The C-J is reporting the results of a Bluegrass poll in the race for U.S. Senate: a statistical tie between Bruce Lunsford and Mitch McConnell. It comes on the heels of a Survey USA poll released earlier this week showing McConnell at 49 percent and Lunsford at 46 percent.
Neither campaign comments on polls. (SG)
Posted by General Sense of Outrage at 11:49 AM
Friday, September 26, 2008
The Mayor's office will announce this afternoon grants from the state of between $4 million and $5 million to make further transportation infrastructure improvements, including adding more dedicated bike lanes and paths in Louisville.
Louisville will add about 20 miles of bike paths in the coming year – five miles of striped bike lanes and 15 miles of signed bike routes. Louisville currently has 30 miles of bike lanes, 100 miles of signed bike routes and 30 miles of multi-use off-road paths. Some of the roadways that are priorities for bike lanes are Taylorsville Road, Poplar Level Road and Stonestreet Road.
The city will post Share the Road signs along roads and streets throughout the community that are too narrow for bike lines but are often used by cyclists. Some of the roadways that are priorities for signage are River Road, Frankfort Avenue, Stony Brook Drive, Old 3rd Street Road and Johnsontown Road.
Education and Safety Campaign $125,000
With more cyclists and pedestrians using our roads, education is critical to making our roadways safe. KYTC and Louisville will spend $125,000 on educational efforts, including public-service advertisements, brochures and training classes that underscore the rules for motorists, cyclist and pedestrians and promote the Share the Road theme.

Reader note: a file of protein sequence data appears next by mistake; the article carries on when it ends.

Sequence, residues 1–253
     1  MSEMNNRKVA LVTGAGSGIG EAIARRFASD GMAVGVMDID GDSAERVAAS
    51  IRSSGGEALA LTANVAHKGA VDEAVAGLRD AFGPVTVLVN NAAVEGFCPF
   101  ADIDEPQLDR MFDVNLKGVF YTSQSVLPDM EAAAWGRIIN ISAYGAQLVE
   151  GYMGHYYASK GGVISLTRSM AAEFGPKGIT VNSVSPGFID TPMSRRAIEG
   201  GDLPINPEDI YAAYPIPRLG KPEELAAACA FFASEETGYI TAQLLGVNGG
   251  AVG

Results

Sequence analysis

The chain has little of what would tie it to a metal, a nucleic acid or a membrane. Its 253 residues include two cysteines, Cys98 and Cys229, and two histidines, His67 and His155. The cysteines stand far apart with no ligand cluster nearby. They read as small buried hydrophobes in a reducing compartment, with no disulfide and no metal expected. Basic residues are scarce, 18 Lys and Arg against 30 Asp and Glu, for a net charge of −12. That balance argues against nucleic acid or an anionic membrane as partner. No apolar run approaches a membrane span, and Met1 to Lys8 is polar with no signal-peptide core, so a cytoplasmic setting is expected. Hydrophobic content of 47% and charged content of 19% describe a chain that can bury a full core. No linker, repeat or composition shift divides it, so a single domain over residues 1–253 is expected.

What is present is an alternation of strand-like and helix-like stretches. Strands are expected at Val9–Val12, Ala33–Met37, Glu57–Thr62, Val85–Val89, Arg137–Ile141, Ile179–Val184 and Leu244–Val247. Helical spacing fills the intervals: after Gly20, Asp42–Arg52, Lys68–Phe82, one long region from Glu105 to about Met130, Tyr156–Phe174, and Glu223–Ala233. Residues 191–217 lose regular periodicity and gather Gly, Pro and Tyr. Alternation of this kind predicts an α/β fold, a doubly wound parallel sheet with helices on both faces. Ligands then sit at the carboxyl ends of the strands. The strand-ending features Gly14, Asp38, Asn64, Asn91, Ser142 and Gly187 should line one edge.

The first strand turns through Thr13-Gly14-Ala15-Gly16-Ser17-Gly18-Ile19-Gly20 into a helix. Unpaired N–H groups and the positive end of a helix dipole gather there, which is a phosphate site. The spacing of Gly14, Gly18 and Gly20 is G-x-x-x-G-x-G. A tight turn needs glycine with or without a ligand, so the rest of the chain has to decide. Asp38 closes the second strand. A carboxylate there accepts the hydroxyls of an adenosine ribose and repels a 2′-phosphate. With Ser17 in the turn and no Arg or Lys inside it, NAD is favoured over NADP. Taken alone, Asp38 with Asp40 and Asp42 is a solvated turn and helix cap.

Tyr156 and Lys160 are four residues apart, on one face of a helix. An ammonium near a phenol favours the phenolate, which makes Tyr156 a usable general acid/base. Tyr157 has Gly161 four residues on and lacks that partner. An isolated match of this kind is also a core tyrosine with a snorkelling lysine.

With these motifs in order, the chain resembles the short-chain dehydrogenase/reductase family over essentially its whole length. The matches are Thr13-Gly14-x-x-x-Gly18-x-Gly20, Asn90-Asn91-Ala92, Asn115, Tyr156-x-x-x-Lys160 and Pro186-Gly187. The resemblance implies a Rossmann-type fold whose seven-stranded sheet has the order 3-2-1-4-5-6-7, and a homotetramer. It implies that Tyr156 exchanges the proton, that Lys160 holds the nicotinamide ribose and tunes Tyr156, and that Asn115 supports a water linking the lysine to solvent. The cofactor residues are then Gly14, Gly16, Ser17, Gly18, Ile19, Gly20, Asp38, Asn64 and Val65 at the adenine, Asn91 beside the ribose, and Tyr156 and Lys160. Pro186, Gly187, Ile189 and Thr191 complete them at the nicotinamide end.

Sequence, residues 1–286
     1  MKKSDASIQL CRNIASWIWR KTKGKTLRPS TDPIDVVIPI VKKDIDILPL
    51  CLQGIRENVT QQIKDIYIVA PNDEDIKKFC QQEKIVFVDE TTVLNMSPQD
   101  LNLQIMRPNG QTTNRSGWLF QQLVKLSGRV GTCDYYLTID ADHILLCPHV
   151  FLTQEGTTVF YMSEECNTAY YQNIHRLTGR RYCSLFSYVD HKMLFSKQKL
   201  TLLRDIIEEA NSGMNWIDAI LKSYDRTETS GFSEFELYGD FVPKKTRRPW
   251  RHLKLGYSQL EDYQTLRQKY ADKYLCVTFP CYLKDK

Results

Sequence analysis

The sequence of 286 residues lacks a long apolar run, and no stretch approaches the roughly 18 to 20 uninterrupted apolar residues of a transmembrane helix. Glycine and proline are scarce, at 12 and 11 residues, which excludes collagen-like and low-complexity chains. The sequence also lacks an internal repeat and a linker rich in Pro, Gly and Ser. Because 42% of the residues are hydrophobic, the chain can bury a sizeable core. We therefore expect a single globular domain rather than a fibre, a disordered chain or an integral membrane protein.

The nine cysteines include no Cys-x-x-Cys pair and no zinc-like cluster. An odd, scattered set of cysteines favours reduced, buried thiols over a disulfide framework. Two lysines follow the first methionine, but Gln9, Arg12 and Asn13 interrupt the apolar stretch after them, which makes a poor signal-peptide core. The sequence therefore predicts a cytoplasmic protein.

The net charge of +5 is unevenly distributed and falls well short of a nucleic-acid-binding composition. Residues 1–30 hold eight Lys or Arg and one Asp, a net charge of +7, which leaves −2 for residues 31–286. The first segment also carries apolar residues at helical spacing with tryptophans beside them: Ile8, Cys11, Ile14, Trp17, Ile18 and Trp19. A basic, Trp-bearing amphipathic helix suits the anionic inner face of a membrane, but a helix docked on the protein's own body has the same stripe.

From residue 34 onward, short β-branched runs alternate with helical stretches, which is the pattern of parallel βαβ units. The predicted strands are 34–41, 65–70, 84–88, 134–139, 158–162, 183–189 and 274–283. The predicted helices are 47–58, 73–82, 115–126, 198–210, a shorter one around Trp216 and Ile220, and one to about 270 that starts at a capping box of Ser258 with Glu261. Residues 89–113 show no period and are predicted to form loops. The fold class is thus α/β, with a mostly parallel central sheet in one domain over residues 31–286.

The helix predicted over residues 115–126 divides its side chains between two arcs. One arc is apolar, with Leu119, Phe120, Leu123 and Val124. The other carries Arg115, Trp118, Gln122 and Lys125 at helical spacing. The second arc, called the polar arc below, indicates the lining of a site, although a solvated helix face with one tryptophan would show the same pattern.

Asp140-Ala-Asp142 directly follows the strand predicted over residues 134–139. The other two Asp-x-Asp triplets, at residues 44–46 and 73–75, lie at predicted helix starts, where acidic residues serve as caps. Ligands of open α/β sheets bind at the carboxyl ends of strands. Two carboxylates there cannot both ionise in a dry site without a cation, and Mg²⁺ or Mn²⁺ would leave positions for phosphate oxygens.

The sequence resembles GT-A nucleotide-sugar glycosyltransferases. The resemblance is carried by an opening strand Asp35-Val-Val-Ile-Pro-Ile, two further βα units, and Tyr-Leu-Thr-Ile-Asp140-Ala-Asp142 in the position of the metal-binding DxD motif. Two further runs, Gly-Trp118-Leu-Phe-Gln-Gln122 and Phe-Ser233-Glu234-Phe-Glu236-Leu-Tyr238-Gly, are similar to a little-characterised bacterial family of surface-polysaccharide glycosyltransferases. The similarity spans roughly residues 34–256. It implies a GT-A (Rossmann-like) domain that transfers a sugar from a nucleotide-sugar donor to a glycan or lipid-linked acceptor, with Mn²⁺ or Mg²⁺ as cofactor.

Louisville Metro will begin running a new round of public service announcements in early October through a partnership with Insight Communications. A more comprehensive communications campaign will be launched next year.
LaGrange Road Bicycle & Pedestrian Improvements $1,035,000
This project includes widening a 1.5-mile section of LaGrange Road from Lakeland Road to Bowen Elementary to provide bicycle lanes and add a sidewalk on the north side of roadway.
It will provide connections to several other planned transportation improvements including turn lanes and pedestrian crossings at LaGrange Road and Whipps Mill Road near Bowen Elementary, bike lanes at University of Louisville’s Shelby Campus and the Louisville Loop, a 100-mile multi-use trail encircling the city.
Olmsted Parkways Multi-Use Path System $1,200,000
The grant will be used to design and construct a 0.6-mile multi-use path along Algonquin Parkway from Winkler Avenue to Sharp Street. The project will improve access for pedestrian and cyclists to this residential neighborhood and adjacent businesses.
River Road Corridor Bicycle Improvements $1,217,375
This grant will be used to design and implement bicycle paths along the River Road corridor between Zorn Avenue and US 42 in Prospect. Improvements will accommodate all modes of travel, with a focus on the growing number of bicyclists who are attracted to this scenic corridor along the Ohio River and numerous public parks.
A corridor management plan for the route east of Zorn Avenue will be completed next year and construction of bike paths is planned for 2010 and 2011. The project is a segment of the 100-mile Louisville Loop project.
Bluegrass Industrial Park Bicycle and Pedestrian Trail $656,766
This grant will help fund development of a bicycle and pedestrian trail system along Bluegrass Parkway, Tucker Station Road and Plantside Drive. The total includes matching funds from the City of Jeffersontown of $131,353.
Walkable Communities Improvements $375,000